Hence, from 2009 until 2011, I was completely in survival mode, simply trying to hold it all together. I was bouncing back and forth across the Atlantic 5 or 6 times a year for extended stays in Germany and throughout Europe, sleeping in hotels more than I slept in my own bed. I felt as if I had no alternatives. My area of technological expertise was all I knew; I was too old to change careers and I had to suck it up and try to be as successful as I could be as a means to make ends meet.


Being displaced from my homeland was something I never imagined (although I think I may have fantasized about it a time or two). Trying to conduct business or even trying to function in a land in which I did not speak the language was an enormous challenge. This was the time I came to find out what the word lonely really meant. I think most people have said at one time or another that they are lonely. Unfortunately, I got to meet Mr. Lonely firsthand and he is not a nice guy. I felt as if I was all alone, cut off from everything I knew, with no one there to save me.


At some point, I came to a place that I would not allow myself to feel too much pain. I would often say to myself, “just close your eyes and go with it” (yes, when you are alone a lot, you talk to yourself). I would say, “this is not about me, it was about my family, my standing in the community, my responsibilities, I simply could not fail”.


The good news is, I survived these early days in Germany. My business began to flourish. I learned to embrace the opportunity of seeing and going places that many people would only dream of. I learned that there was a whole world out there, that I had only seen in movies or read about and I was getting to see it with my own eyes. I traveled to England, France, Denmark, Sweden, Switzerland, Austria, Germany, the Czech Republic, Belgium, The Netherlands. I learned to take this as an opportunity to experience the world in exchange for the heartache I was facing.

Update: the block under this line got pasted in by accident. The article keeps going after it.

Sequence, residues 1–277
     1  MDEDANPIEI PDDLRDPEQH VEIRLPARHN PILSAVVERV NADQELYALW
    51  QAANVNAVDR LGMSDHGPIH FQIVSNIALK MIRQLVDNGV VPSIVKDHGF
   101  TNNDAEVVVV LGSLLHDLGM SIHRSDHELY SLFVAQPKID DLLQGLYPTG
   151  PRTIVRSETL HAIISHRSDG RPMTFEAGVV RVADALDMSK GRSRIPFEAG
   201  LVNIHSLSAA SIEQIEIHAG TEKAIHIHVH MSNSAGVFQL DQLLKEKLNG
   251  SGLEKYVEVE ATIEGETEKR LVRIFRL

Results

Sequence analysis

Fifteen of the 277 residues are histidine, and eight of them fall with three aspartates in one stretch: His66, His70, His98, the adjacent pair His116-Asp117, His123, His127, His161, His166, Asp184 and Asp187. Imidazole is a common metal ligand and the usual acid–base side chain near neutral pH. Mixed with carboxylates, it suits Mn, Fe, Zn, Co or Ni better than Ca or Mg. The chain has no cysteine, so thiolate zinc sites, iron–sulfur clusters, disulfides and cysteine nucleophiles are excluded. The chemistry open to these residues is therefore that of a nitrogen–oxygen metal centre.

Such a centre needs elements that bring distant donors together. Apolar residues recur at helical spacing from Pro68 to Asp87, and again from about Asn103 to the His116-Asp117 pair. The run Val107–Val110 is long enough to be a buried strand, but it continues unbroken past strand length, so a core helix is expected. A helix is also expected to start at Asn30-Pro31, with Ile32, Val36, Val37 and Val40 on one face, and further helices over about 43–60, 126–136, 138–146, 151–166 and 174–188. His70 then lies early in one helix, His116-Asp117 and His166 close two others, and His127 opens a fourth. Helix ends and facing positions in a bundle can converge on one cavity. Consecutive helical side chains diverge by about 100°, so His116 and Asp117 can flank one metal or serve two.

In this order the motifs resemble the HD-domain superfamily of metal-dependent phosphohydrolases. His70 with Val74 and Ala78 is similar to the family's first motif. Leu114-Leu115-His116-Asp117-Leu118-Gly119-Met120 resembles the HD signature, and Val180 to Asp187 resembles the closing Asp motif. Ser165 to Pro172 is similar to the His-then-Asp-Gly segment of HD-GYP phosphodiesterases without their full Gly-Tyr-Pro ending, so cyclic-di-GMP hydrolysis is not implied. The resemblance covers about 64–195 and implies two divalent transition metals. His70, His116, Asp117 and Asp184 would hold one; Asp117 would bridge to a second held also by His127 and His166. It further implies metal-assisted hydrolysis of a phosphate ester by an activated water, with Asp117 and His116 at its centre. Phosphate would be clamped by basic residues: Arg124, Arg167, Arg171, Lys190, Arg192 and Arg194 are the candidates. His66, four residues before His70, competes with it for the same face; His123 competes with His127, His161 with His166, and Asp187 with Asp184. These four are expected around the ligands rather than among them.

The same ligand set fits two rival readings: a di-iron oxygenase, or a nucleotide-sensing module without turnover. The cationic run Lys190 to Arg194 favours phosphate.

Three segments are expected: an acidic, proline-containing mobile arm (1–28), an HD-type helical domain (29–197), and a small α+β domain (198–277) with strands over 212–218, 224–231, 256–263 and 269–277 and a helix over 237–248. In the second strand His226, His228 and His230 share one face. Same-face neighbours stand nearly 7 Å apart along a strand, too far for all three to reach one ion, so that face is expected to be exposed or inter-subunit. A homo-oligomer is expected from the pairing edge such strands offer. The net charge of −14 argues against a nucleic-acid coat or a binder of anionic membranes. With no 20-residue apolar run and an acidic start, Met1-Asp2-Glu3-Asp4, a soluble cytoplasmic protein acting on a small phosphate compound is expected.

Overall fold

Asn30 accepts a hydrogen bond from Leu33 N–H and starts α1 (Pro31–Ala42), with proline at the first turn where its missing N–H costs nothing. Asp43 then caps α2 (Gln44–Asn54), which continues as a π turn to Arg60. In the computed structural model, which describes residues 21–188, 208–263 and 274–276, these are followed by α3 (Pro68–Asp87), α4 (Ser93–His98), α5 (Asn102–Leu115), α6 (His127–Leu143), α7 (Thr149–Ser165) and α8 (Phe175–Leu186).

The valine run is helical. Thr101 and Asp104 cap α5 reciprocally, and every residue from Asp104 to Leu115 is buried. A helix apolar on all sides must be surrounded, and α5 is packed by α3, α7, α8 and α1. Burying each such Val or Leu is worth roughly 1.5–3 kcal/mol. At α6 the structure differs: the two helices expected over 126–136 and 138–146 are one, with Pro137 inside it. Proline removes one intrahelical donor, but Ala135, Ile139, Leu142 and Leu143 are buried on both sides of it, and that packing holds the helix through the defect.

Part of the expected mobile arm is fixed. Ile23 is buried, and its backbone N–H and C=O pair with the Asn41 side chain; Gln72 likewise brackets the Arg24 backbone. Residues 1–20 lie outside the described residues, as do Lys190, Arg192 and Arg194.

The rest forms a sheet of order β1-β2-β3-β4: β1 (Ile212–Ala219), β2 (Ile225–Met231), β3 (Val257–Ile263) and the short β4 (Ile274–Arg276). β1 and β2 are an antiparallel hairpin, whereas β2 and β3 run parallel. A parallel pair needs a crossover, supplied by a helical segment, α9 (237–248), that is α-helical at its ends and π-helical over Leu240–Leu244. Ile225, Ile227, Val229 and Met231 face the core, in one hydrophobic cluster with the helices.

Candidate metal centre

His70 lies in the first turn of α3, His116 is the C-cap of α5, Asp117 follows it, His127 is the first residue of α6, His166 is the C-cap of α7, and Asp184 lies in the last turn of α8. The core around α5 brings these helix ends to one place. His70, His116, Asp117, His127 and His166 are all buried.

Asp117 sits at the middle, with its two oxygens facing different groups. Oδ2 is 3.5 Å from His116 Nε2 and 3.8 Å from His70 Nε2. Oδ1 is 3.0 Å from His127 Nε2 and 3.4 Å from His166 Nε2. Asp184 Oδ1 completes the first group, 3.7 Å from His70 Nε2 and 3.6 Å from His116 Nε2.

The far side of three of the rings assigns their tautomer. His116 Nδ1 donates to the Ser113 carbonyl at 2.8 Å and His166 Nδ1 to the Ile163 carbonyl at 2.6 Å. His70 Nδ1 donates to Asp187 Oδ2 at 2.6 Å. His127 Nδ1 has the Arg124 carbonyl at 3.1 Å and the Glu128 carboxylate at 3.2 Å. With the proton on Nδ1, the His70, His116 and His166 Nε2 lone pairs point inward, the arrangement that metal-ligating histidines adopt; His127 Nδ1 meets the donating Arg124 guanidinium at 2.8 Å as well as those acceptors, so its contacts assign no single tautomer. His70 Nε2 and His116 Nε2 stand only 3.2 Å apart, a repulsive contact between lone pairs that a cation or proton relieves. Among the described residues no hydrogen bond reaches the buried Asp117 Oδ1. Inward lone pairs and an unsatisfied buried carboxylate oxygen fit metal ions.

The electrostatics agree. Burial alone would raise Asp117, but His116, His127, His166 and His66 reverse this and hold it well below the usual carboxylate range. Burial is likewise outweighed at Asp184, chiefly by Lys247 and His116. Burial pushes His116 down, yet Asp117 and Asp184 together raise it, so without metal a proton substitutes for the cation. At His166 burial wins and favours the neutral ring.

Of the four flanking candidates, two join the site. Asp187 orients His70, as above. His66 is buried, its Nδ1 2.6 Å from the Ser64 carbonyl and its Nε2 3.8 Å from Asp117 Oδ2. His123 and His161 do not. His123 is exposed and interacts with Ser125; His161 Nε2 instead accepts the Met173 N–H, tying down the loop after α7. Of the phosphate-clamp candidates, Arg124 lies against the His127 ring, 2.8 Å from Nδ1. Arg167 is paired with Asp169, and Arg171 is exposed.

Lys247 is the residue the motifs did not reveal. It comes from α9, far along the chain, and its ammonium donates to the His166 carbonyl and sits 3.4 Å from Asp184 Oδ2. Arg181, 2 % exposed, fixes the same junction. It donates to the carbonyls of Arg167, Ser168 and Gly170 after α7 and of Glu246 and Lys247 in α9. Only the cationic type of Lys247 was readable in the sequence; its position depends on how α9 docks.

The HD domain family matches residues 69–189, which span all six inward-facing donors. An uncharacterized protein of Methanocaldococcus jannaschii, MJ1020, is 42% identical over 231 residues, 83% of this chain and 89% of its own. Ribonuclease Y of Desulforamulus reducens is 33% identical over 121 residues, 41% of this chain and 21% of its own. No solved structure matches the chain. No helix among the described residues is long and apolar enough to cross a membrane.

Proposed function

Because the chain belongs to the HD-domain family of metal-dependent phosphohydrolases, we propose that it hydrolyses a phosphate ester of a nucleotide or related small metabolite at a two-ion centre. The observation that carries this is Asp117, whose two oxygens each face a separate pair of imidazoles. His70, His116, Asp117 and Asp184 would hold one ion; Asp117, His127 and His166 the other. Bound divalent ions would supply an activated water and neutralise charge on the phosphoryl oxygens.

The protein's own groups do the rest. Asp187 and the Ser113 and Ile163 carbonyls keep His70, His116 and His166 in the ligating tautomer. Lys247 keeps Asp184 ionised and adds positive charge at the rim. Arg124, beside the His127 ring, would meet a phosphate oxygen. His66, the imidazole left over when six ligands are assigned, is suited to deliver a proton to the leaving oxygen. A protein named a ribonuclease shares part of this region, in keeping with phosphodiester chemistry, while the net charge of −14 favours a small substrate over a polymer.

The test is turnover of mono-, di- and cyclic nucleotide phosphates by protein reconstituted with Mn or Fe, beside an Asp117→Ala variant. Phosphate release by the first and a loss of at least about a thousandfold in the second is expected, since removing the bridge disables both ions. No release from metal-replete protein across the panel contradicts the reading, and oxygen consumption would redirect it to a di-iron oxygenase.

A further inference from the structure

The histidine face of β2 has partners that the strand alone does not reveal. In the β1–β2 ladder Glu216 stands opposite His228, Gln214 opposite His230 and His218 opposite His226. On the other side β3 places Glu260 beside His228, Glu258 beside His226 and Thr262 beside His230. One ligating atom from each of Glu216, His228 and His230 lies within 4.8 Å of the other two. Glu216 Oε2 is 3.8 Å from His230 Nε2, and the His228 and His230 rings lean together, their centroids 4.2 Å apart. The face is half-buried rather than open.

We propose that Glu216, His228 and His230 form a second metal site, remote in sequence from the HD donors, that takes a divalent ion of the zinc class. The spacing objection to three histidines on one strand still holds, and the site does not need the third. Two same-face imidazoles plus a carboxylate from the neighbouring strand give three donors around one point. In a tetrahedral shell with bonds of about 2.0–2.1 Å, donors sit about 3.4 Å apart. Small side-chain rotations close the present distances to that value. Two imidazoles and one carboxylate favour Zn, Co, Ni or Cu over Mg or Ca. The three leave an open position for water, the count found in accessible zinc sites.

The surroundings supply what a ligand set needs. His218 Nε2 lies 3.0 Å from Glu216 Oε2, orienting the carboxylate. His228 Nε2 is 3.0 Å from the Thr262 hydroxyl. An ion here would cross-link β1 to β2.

It was in 2010, that I realized I could no longer hold on to my house. There was no way that I could continue to pay for something that was worth 50% less than its mortgage value. In 2011, I had to let it go. The house had been a black cloud that was constantly hanging over my head and was simply a financial situation that I could not fix.


The humiliation that came with the realization of my failure hit me hard. Although I could rationalize why it happened and tell myself that it happened to 10 million other people, it was not supposed to happen to me. So, after the 2 years prior of operating in the survival mode and finally coming to a place that I could function abroad and do my job well, I felt horrible. I was ashamed that I had failed, I felt I had embarrassed my parents, that I had let my family down and I had lost so much of what I had worked a lifetime for. All the money I spent on the land, the building of the home and every mortgage payment I made were flushed down the toilet.


Around this time, I asked my boss how long my assignment in Germany was. He indicated it was “likely permanent”. I was not exactly sure what that meant. Like “forever-permanent” or as long as I am “employed-permanent”? (in business, I have learned that permanent should be classified as the “foreseeable future” there is no such thing as permanent) With that, it was suggested that I acquire housing (as the company was paying a small fortune in hotel fees) and obtain a working Visa for Germany.